Friday, November 16, 2007

Behavior tips for an aggressive parrot

Between my two parrots, my husband and I have two very opposite personalities to cater to.

Conrad is happy-go-lucky most of the time, but does get angry if things don't go his way. He has never bitten me out of aggression or fear. He is very well-trained and 'steps up' well, poops in his area (most of the time! they don't have bladders - can you blame them?) and has a healthy appetite, usually trying everything I give him.

Andrea on the other hand is quite moody and territorial, but is very calm. She is content to sit and watch you make dinner or do homework (in my case!). She doesn't care for new foods, and will only pig out on her 'favorites' - kiwi, banana, peas, beans, carrots and pasta. She appears to also has a thing against other females.

She has become quite aggressive towards me lately, while behaving well with my husband. The 'attacks' have happened three times and have been unrelated to territory - she was in an open space with no 'caves' to protect. I can only think that she is 'defending' a territory that I didn't realize she owned - like my laptop (the site of 'attack' # 1) - and the living room rug (# 2).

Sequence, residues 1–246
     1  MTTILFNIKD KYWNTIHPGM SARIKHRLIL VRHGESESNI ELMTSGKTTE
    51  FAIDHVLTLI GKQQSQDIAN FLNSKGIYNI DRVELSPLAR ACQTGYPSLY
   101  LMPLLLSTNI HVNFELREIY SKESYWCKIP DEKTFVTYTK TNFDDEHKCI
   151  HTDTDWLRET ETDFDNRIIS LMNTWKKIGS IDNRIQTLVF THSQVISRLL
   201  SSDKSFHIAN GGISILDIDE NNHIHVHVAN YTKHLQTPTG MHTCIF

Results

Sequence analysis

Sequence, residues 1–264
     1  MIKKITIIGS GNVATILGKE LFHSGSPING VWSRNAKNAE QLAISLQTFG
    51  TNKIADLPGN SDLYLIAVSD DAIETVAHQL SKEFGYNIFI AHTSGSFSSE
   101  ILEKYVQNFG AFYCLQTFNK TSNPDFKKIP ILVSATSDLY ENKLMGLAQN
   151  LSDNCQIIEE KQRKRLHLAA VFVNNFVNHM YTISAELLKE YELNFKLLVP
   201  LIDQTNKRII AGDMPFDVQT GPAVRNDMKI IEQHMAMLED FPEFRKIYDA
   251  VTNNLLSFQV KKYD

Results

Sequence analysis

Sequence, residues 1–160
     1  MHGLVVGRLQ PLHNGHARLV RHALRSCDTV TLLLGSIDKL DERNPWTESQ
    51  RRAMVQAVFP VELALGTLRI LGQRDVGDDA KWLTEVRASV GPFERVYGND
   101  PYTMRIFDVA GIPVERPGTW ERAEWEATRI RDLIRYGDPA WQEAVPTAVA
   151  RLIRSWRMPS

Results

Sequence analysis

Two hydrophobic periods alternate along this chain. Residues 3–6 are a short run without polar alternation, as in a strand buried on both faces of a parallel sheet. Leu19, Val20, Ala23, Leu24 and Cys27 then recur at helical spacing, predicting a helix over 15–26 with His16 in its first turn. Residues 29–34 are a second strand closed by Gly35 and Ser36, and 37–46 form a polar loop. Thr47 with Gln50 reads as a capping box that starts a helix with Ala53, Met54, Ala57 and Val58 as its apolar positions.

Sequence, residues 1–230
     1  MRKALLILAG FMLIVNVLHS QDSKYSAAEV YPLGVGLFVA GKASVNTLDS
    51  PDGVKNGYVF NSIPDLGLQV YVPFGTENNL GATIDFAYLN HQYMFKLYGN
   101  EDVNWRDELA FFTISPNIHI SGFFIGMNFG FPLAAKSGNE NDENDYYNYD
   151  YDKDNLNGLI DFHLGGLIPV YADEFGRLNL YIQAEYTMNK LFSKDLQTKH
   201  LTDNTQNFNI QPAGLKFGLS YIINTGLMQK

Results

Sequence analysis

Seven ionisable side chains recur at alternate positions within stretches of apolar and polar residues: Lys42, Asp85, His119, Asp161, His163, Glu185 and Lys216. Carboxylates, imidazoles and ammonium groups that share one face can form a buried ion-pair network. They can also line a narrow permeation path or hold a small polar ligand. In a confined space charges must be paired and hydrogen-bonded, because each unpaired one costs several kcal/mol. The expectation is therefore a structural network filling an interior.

I've had a lot of experience with training aggressive parrots - my most successful case being a pet store cage-aggressive green wing macaw named Oscar. I have the scars to prove how difficult the process was, but, by the time I was done with him, he had turned into a big baby, allowing head scratches and cuddling. He was completely trained on positive reinforcement alone, but was prone to 'realizing' he was sitting on a human hand and biting it...

Perhaps I'm just tired of new scars, but I have been looking for ways to train a parrot that will take me out of the line of fire. Andrea seems to be a common case where she has chosen a favorite human and is wreaking havoc on the unchosen.

Some techniques I have chosen to deal with the Madame's (our pet name...for our resident red bird) focused aggression:

- Leaving the room when she goes into 'aggressive mode.' She will jump into her food dish to defend it, if she is in her cage.

- Overly-praising her for stepping up out of her cage.

- No more shoulder time. No bird should be allowed on shoulders due to dominance issues. (If held higher or level with your head, birds tend to get a 'big head' on their shoulders.) We had grown lax with that rule since it's so easy to just put them there when you're doing something.

- Tempting her with treats when she seems reluctant to be with me.

The last probably isn't the best, but we are making progress. I have not tried picking her up from any of the crime scenes - I don't think we're quite there yet. When she does get to one of those places, I do tend to call my husband to retrieve her, rather than suffering the imminent bite.

I am still looking for more literature on parrot aggression and why they tend to favor one human over the other. From what I've seen online, Eclectus hen owners tend to describe their birds as moody - I'd love to see an article on how an Eclectus owner has overcome this!

1 comment:

Maire said...

Interesting to know.